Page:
After Aru accidentally awakens the Sleeper, she is forced to team up with Boo, a talking pigeon (who doesn't want to read a book with a talking pigeon!?) and her fellow Pandava reincarnation, Mini. I absolutely adore all of these characters--Boo, because he acts as a mentor to both the girls, and at first is reluctant to find that the fate of the world rests on the shoulders of two middle-school age girls. However, as the story moves forward, Boo starts to actually care about the girls' well-being--not that he would ever admit it to anyone. When it comes to Boo, there is much more than meets the eye . . .

Mini is the kind of girl that I feel like I would end up being, should I ever end up in a book. *Looks around for a fictional character to take me into their world* No? Okay. Mini is a book-smart girl by any definition--she even taught herself to count to ten in fifteen different languages, a fact that both Aru and Boo tease her about, but ends up saving all three of them. And, you know, the world. Always armed with intelligence and a backpack equipped for any occasion (and sometimes Oreos), Mini makes an amazingly loyal friend, who is willing to do just about anything, "For science!!!" (pg.172)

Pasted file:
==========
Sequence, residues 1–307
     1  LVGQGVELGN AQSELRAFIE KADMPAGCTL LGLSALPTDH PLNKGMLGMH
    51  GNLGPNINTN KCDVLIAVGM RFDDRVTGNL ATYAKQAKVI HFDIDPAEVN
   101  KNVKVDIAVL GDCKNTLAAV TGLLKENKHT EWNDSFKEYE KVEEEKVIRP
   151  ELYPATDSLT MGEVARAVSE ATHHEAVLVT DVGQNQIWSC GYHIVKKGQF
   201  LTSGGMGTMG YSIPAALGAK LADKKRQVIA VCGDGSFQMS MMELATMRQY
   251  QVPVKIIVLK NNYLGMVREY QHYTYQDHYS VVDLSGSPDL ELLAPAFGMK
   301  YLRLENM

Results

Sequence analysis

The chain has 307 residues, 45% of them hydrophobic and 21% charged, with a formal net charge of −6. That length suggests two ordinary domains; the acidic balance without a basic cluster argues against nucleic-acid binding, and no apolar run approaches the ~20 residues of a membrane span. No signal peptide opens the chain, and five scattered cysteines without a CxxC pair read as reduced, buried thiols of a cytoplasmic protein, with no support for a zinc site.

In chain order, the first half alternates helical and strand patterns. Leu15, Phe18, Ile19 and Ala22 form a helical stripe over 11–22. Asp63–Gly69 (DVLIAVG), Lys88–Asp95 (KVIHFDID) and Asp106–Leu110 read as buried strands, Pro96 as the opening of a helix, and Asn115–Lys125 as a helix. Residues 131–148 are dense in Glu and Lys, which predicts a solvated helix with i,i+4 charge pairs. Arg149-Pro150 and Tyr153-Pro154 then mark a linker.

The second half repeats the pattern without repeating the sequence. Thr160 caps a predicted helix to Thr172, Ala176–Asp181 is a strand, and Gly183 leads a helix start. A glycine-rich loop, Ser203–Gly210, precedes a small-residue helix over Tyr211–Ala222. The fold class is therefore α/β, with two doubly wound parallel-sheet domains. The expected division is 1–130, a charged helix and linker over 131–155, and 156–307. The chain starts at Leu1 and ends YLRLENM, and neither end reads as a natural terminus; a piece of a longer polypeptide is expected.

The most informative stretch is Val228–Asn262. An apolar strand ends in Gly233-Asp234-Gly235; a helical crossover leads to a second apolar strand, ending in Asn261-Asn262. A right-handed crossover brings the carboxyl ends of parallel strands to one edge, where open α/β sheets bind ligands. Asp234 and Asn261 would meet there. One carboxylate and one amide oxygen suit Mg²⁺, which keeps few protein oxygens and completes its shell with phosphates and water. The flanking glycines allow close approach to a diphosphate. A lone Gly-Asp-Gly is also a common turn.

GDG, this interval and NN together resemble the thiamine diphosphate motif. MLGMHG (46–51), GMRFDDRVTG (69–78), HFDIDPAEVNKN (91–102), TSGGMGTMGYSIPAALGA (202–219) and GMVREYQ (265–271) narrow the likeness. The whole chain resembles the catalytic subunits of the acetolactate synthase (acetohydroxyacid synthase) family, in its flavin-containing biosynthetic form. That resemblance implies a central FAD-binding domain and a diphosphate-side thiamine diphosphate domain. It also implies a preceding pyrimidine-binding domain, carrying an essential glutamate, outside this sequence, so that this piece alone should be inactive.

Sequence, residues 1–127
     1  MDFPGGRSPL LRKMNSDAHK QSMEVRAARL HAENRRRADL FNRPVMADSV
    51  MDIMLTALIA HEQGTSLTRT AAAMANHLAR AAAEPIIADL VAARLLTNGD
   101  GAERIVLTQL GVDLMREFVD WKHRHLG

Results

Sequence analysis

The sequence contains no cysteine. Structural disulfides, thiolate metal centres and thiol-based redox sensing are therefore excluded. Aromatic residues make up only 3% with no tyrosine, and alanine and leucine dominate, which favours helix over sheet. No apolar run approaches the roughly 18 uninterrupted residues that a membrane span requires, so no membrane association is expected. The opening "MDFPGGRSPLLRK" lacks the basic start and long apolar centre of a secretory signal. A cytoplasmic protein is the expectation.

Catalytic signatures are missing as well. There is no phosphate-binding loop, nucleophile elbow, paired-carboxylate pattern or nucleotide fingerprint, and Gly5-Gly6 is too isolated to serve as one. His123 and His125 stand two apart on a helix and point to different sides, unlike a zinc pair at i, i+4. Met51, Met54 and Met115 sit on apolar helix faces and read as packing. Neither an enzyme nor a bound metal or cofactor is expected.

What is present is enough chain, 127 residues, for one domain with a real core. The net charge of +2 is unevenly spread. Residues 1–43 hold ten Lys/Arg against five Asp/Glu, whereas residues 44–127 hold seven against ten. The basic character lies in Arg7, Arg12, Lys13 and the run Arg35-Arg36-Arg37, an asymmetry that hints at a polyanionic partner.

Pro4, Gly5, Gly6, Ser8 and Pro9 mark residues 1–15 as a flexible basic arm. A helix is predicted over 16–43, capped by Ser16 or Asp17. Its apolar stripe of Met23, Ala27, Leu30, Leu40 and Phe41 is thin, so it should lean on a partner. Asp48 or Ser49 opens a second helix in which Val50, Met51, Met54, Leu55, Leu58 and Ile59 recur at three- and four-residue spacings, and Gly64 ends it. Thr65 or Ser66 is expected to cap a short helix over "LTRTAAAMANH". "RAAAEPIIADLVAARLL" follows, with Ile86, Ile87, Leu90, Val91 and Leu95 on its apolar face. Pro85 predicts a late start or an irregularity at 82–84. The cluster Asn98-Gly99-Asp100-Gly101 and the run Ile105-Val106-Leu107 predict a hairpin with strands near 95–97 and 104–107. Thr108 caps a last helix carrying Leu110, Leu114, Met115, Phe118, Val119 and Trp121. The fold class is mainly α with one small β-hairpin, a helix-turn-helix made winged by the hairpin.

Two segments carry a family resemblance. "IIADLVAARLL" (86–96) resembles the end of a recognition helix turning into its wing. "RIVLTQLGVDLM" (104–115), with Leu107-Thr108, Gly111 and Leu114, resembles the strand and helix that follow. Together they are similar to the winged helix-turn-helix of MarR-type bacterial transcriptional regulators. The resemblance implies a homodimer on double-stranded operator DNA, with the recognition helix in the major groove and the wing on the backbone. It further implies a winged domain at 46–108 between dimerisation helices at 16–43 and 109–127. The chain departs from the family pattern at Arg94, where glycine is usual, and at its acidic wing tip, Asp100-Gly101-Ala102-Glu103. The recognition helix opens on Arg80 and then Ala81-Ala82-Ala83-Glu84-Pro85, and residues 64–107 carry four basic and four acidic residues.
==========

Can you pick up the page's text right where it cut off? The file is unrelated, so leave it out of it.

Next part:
Aru is the kind of girl I wish I could be like. She can stay cool and collected in just about any situation, and has the talent to trick her way out of all kinds of trouble. She had a sharp wit, and always has the perfect come-back or insult ready on the tip of her tongue. But don't let her snarky exterior fool you--Aru is a loyal and brave friend down to the bone, and wants nothing more to be accepted. Even clothed in her Spider-Man pajamas, Aru Shah is ready to take the world by storm. (Plus, she gets to live in a history museum, how cool is that?!)

I loved just about everything about this book, especially the *awesome* chapter headings. Ex: "My Home, Not Yours! No Touchie!" "#1 On Mini's Top Ten Ways I Don't Want to Die List: Death by Halitosis" "The TV Started It" "Why, Why, Why? Stupid Words" (I could go on all day.)

You can find Roshani Chokshi's website HERE and you can read a free excerpt of Aru HERE

Happy Reading!

Wednesday, July 4, 2018

Weekly Wednesday Writing Prompt

I often wonder what it would be like to have a book written about me--although I would definitely not be the main character. Probably the sidekick. Or the computer nerd. Definitely the computer nerd.

Alas, that is a dream that will remain unfulfilled.

Also . . .


Yes, I'm a bit over the top when it comes to holidays, but come on--holidays are exciting. 
(Also--making a graphic was *totally* necessary. :P) 

Review of The Anatomical Shape of a Heart, by Jenn Bennett

Artist Beatrix Adams knows exactly how she's spending the summer before her senior year. Determined to follow in Da Vinci's...